Israeli Prime Minister Benjamin Netanyahu delivers a statement concerning the Israeli naval commando raid on a flotilla attempting to break the blockade on Gaza, at his Jerusalem office, Wednesday, June 2, 2010. In an attempt to limit the diplomatic damage from its deadly raid on a Gaza-bound aid flotilla, Israel dropped plans Wednesday to prosecute dozens of pro-Palestinian activists, opting instead to deport them all immediately. (AP Photo/Jim Hollander, Pool) (AP)

Israel's half-war against Gaza

The blockade is an act of war, but Israelis are always reminding us how they withdrew from Gaza


Gabriel Winant
June 3, 2010 5:04PM (UTC)

Defending the Israeli military's actions on the Mavi Marmara means rebuilding the argument from the bottom up, to show how the IDF was acting in self-defense in each stage of a process that eventually brought Israeli soldiers onto the ship, shooting. They had to shoot, the argument goes, because they were attacked. They were attacked because they had to board, and they had to board to enforce the blockade. The blockade, in turn, is necessary to keep weapons out of Hamas-led Gaza, which might become a threat to Israelis if armed.

It's hard to dispute the bottom stages of the process. Once Israeli soldiers were attacked, they were going to respond. And though they botched the response badly, this is clearly still the strong point of the Israeli case -- video of passengers, some armed, attacking the boarding force.

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But there's sleight-of-hand going on here. Linking the commandos under attack on the Mavi Marmara to Israel as a whole is a false parallel. The Israeli government wants you to think that that ship is the Middle East, the Arabs are the angry mob, and the Jewish state is those soldiers under attack. But Israel isn't just an actor in this movie. It's also the director.

Defenders of the boarding action have been saying that the blockades are perfectly reasonable, standard acts of self-defense. At the Daily Beast, Les Gelb writes, "The United States and Britain were at war with Germany and Japan and blockaded them. I can't remember international lawyers saying those blockades were illegal -- even though they took place on the high seas in international waters."

A pair of Op-Eds today in the New York Times make similar arguments. Daniel Gordis admits that Israel stumbled into a trap. "But that does not make the blockade wrong. Hamas is a terrorist organization that completed its takeover of Gaza through brute force. It executes its political enemies at will. It is one of the world's most misogynist regimes, allowing the murder of women for the slightest infraction of family honor."

But, of course, Israel is not at war with Gaza. And in other circumstances, it is the Israeli right wing that is always first to point this out. The argument, constantly repeated by conservatives since Ariel Sharon’s government unilaterally withdrew from the Strip, is that Israel ended the military occupation, and the reward it got was Hamas intransigence.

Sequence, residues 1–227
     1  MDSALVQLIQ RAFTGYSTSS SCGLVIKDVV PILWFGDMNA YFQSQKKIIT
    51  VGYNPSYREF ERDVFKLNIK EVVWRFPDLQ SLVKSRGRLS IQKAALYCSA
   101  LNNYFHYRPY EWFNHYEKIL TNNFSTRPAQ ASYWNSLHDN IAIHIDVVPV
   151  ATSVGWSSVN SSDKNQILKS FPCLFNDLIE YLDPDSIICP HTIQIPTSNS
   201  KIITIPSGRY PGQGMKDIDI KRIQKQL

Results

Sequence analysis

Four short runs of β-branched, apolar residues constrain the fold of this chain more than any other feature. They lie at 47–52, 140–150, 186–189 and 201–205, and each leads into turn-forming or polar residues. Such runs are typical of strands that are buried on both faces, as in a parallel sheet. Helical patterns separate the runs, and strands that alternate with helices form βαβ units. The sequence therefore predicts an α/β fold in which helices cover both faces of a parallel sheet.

In the blockade, then, Israeli leaders and their allies are trying to have it both ways. They want to be able to say that they left the Palestinians in Gaza to their own devices. That's how you get these hot-air arguments like Gordis' in the Times, quoted above. Gordis wants to explain away everything that's happened as the fault of Hamas' nastiness. Israel withdrew, remember?

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Of course, from the Palestinian point of view, this looks nothing like reality. There are more Israeli settlers in Palestinian territory as a whole now than there were before 2005. The Israeli withdrawal didn't trade land for peace, according to the old negotiating formula. It didn't trade anything at all -- it just up and acted. So it may have felt like a concession to Israeli radicals in the settler movement, but it sure didn't feel like much of a win for Palestinians.

Israel only had 8,000 or so settlers in Gaza before the withdrawal, with 12,000 soldiers and police officers protecting them. Since the evacuation, however, thousands more settlers have moved into the West Bank -- exactly the maneuver that the Gaza withdrawal was meant to create room for.

Meanwhile, however, Israel is also keeping Gaza as something roughly like an open-air prison. This lets the Netanyahu government shrug and say, in effect, "It's not our fault that they elected Hamas. Now we just have to keep them from getting weapons." This is the posture of a government that’s not willing to let the Palestinians have any control over the situation, but refuses to admit as much. It's a bit rich, then, to act shocked when Palestinians go and vote for Hamas. They may be a terrorist gang, but what ground is more fertile for an organization like Hamas than a prison?

And this gets us back to the blockade. Israel has been the prime mover all along, the architect of virtually every development in this process. And the design has called for a facade of concession, veiling a continuing monopoly on power. If the Israelis want to act like they're at peace, it's convenient: They can say they withdrew, so whatever's gone wrong must be Hamas' fault. And if Israel wants to act like it's at war, and reinvade Gaza or impose a blockade, it can do this, too. It's a quantum political state: They're at war and at peace simultaneously. And that instability makes it awfully hard for the outside world to get enough of a fix to lodge a criticism.

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Gabriel Winant

Gabriel Winant is a graduate student in American history at Yale.

MORE FROM Gabriel Winant

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